“In his report on the financing of Higher Education (HE), Lord Browne has made several recommendations that, if implemented by the government, would put at risk the key principles in Higher Education – widening participation, fair access and financial equity – that must remain at the heart of Liberal Democrat policy.
Business Secretary Vince Cable has recently sought to reaffirm the Liberal Democrat commitment, and that of the Coalition government, to the principle of fairness in Higher Education.
Large increases in fees will lead to even greater debt, working against fairness because the poorest students will tend to have the greatest debts. Using differential interest rates rising with earnings as a means of providing for a more progressive system is less fair than a graduate tax, a graduate contribution or general taxation because those from wealthy backgrounds will have smaller debts as their families can afford to pay up front.
Any benefits of higher repayment thresholds would be lost by the introduction of commercial interests rates, and low paid and women graduates would be faced with the prospect of rising debt through their twenties and thirties.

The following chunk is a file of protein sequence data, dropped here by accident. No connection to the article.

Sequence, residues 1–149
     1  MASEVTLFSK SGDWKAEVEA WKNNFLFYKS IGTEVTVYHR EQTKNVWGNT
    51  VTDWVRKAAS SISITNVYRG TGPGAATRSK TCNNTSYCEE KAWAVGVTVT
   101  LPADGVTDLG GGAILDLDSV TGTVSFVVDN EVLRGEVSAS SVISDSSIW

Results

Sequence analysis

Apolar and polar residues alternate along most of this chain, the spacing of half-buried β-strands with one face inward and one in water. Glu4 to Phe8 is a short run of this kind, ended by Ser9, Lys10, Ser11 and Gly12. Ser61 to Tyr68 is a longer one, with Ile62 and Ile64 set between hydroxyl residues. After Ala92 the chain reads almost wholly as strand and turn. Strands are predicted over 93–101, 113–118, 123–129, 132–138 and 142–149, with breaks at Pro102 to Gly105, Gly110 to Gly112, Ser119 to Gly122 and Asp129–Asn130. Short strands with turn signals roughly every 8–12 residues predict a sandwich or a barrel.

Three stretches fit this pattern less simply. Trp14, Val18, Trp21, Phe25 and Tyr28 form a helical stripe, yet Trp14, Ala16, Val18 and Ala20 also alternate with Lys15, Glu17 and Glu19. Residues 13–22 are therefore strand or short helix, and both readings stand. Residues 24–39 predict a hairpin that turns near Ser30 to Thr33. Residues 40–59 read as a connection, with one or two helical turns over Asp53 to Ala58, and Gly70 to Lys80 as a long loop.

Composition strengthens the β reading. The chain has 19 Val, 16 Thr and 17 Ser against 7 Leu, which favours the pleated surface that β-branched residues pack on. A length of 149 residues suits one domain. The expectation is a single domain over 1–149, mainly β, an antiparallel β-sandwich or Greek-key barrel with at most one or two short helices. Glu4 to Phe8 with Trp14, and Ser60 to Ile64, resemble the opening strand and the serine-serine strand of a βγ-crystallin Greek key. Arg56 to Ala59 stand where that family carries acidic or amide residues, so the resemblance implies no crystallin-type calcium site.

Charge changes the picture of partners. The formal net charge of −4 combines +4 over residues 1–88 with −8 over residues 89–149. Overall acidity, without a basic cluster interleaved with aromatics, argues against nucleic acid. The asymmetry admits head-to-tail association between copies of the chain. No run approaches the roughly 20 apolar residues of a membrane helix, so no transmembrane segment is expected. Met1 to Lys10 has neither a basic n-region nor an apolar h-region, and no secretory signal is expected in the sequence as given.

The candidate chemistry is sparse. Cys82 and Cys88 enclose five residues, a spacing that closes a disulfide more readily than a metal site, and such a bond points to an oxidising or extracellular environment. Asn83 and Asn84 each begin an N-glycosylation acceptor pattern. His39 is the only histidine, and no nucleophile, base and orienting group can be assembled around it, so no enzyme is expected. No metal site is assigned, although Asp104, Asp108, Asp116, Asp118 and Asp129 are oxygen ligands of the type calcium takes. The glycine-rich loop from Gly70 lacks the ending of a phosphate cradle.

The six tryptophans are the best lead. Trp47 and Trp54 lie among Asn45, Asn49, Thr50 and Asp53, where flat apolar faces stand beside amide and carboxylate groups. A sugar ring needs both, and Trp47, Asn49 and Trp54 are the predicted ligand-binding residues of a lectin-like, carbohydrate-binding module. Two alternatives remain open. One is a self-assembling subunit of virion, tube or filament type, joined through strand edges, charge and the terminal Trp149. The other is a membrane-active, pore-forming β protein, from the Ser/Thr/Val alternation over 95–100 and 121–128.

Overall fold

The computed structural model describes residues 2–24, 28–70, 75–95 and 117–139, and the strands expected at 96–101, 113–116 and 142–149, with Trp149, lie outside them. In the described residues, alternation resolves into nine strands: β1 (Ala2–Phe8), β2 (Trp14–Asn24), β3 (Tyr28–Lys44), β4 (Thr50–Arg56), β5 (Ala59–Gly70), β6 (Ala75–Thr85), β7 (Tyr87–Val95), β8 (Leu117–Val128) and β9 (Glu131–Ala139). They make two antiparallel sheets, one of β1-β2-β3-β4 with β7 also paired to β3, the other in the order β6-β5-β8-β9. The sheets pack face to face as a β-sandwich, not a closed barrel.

The Social Liberal Forum now calls upon Dr. Cable, and all Liberal Democrat MPs, to continue to press for a system that ensures the abolition of student tuition fees, the reduction of student debt and their replacement with a graduate contribution, varying progressively with income and set at levels which do not deter students from taking less well paid, but socially beneficial, post-graduate employment.
In particular, we call upon all Liberal Democrat MPs to honour their pledge to vote against any increase in tuition fees. The higher student debt proposed by Lord Browne would be a serious threat to fair, merit-based, access to Higher Education, .
The abolition of fees remains central to Liberal Democrat education policy and the Social Liberal Forum believes that unless HE is paid for through general taxation, a fairly instituted graduate contribution, with repayments that reflect graduates’ ability to pay, is the best policy to help the UK’s HE sector remain world-class without placing a burden of debt on young graduates.”